What is the Architecture of a Super Bowl?
Football, football, football! It’s a living, breathing American pastime and one of the biggest traditions of the sport is coming to Houston. Many people will plan extravagant watch parties while others will go to their favorite bar. Since the Texans are no longer in the running, it’s a toss up as to which locals will attend the event in person. But look at everything happening around this major event: building construction, infrastructure changes, and more.
Houston’s Super Bowl History
Houston first hosted the Super Bowl in 1974 at Rice Stadium. It wouldn’t return until 2004 to Reliant Stadium. Though the city did not have to change as drastically as it might in order to host The Olympics, the city does change for the Superbowl. For starters, we’ve grown to a population of over 6 million than the 5 million in 2004. Discover Green had not even been conceived yet and Hermann Park has since undergone more than $40 million in renovations. Another striking stat is that we have around 6,000 restaurants and service industry locations. Today, we have more than 10,000. Ironically enough, in 2004, the Patriots won over the Panthers. This coming February, we could see the same match up and even the same outcome. But what steps has the city taken to specifically prepare for this coming Super Bowl?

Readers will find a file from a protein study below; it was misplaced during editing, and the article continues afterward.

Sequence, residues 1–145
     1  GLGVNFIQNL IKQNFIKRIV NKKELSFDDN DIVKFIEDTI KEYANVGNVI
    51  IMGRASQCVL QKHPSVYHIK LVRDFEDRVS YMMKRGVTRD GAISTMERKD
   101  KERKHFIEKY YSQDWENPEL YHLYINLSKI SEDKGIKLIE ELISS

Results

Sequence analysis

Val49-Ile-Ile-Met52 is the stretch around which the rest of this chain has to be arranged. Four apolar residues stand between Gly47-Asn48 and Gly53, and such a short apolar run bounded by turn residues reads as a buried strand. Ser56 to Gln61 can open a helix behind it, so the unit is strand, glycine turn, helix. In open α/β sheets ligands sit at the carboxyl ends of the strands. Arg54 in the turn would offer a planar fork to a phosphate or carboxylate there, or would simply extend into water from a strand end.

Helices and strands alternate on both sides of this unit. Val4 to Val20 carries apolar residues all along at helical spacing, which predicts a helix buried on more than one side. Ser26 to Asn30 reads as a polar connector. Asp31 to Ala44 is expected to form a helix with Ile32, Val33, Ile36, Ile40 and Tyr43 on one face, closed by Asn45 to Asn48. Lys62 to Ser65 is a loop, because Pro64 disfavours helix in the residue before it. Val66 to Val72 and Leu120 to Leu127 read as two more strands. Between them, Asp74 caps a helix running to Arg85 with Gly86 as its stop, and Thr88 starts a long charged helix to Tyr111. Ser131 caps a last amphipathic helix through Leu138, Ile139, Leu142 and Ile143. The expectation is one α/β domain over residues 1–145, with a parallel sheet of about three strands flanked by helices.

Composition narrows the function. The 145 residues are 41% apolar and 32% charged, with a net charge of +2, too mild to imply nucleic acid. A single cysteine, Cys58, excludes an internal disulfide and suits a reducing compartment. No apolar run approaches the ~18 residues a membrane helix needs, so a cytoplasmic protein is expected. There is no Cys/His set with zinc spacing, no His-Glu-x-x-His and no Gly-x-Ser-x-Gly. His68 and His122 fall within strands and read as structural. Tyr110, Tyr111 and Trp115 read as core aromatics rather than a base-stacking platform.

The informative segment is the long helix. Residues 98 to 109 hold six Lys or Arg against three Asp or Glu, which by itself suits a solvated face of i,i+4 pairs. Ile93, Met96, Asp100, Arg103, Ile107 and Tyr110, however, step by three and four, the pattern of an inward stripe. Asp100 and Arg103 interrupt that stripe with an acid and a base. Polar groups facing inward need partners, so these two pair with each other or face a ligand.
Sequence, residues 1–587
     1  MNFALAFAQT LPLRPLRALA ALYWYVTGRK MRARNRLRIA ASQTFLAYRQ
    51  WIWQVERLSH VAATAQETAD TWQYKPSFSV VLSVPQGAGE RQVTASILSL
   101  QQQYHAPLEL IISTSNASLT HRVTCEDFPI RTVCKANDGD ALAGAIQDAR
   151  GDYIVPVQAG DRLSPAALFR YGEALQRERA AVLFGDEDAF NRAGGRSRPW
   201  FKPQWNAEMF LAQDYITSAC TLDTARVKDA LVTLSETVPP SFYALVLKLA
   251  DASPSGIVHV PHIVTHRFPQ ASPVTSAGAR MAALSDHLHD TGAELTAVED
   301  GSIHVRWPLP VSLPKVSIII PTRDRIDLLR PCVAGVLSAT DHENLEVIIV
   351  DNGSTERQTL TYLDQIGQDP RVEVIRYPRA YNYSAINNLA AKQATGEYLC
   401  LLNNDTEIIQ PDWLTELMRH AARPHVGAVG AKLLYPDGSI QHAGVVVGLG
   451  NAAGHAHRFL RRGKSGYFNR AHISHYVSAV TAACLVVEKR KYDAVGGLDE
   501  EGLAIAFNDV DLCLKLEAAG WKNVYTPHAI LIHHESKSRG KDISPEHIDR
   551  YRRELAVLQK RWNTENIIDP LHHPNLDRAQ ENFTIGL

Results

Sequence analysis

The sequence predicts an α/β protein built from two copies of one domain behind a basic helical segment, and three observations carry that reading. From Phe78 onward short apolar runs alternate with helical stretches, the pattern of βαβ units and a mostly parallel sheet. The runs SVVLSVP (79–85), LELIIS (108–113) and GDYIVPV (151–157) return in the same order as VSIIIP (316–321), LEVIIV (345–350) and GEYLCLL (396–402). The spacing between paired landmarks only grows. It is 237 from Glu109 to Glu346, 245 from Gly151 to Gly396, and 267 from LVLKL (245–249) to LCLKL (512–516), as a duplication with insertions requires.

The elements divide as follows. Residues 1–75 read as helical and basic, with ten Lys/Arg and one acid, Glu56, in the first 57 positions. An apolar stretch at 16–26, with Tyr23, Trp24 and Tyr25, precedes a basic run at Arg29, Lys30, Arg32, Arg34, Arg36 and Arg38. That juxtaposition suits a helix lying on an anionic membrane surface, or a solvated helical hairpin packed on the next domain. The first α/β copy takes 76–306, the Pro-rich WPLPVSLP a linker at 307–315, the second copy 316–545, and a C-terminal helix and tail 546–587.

Beautification and Expansion
With particular focus on downtown Houston, the city began its beautification process for Super Bowl 51 a little late. Of course, the city has also expanded with numerous luxury condo projects like the Marlowe and the Arabella, too. With new art installations, landscaping, and city signage, downtown is getting a “facelift” just in time for the game. The George R. Brown convention center underwent millions of dollars in renovations and the final project of holocaust survivor and real estate genius, David Mitzner, came to fruition in the opening of the Marriott Marquis hotel. Smaller fixes including potholes, traffic congestion fixes, and street widening are also winding up as the event date approaches.
The beautification of Houston will continue post Super Bowl, though. Many of the traffic congestion easing projects will not be completed until well after the football game’s end. Further expansions to IAH are also on the books despite reported delays. The Metrorail is also going to continue to expand and bike and bus lanes will be redone or added throughout the city. Though Houston will host many travelers in the coming month, the changes we enacted to “beautify” the city for their arrival were already planned. Houston is a city of perpetual change and growth. The architecture of a Super Bowl isn’t actually much different than the architecture of a growing city.